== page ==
Now that Steamboat has closed for the season, only Loveland and Arapahoe Basin hang on to a ski season to which many are all too happy to say good riddance. With Colorado’s snowpack half its normal level, skier visits were down around 7 percent before a record dry March effectively killed the season.
Final state and national skier visit numbers will not be available until June. But the expected decline is an 8 percent to 10 percent decrease in visits, which are levels that have not been seen by the state’s 26 resorts to levels since the 1990s.
Nationally it looks like the ski industry will drop more than 15 percent, with visits plunging to near 50 million for the first time in 20 years. Michael Berry, president of the 321-resort National Ski Areas Association,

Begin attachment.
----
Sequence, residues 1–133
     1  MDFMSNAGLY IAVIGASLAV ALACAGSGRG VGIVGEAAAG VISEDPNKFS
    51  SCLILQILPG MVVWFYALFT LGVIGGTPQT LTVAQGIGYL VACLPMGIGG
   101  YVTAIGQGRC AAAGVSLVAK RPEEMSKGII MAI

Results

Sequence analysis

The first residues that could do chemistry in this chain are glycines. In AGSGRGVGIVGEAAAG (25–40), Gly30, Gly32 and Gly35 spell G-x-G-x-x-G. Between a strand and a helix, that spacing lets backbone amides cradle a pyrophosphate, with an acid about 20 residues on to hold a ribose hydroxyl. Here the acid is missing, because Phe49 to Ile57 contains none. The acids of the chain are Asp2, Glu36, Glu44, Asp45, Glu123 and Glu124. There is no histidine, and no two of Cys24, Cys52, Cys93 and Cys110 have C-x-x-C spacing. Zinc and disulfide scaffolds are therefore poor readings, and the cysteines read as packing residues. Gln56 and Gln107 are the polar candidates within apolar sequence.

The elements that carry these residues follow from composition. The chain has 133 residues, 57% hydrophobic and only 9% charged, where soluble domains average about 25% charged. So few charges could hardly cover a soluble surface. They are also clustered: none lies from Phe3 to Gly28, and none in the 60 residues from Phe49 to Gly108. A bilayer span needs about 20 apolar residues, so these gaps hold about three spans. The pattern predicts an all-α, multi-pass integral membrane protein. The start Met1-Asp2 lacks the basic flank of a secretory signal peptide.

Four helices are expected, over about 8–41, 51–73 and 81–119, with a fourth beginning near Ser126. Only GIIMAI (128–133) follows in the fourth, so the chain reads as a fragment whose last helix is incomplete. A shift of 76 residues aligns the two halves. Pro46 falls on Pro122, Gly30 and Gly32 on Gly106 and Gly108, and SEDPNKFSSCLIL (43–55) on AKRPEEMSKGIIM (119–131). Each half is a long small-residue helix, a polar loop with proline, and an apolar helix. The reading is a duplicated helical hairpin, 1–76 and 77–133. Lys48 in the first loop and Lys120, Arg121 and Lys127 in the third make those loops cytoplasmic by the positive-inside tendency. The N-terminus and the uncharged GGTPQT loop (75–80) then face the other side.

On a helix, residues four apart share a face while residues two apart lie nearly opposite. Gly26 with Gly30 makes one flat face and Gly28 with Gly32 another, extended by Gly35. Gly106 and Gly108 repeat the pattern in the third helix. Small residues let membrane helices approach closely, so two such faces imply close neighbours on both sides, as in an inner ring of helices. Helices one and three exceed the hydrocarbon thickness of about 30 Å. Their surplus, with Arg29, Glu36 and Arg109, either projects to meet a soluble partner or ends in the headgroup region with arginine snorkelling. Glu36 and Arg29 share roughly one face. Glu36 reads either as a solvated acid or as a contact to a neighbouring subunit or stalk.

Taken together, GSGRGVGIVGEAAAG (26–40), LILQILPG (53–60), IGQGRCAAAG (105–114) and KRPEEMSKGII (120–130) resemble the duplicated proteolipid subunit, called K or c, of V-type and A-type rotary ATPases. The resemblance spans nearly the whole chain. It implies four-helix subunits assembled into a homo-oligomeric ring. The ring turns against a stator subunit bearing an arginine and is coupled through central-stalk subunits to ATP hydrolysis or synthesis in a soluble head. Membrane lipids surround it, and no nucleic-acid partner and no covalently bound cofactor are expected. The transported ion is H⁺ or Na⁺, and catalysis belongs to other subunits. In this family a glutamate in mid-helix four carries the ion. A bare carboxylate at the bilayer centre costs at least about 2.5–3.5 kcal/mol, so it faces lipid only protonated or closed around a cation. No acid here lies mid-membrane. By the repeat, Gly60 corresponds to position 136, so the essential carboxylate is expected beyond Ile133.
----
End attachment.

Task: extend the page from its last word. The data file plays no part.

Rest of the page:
compared the nearly 10 million-visit drop nationwide to the season of 1980-81, when a dearth of snow in the Northeast, California and central Rockies rocked the industry.
The value of a skier visits is hard to determine, ranging in worth from a few bucks from the ski-area local to several thousand from the destination vacationer who stays in a luxury hotel and books private lessons. Boulder research firm RRC Associates’ annual Snowsports Economic Analysis Report showed revenue per visit at resorts in the Rocky Mountain region was $84.51 in 2010-11.
Net income for ski-industry giant Vail Resorts’ fiscal second quarter, which ended in January, dropped 15 percent on a 5.5 percent fall in revenues.
The tourist industry is the second largest industry in the state, and it is in large part comprised of skiing. A steep decline in skier visits has impact on the entire state economy.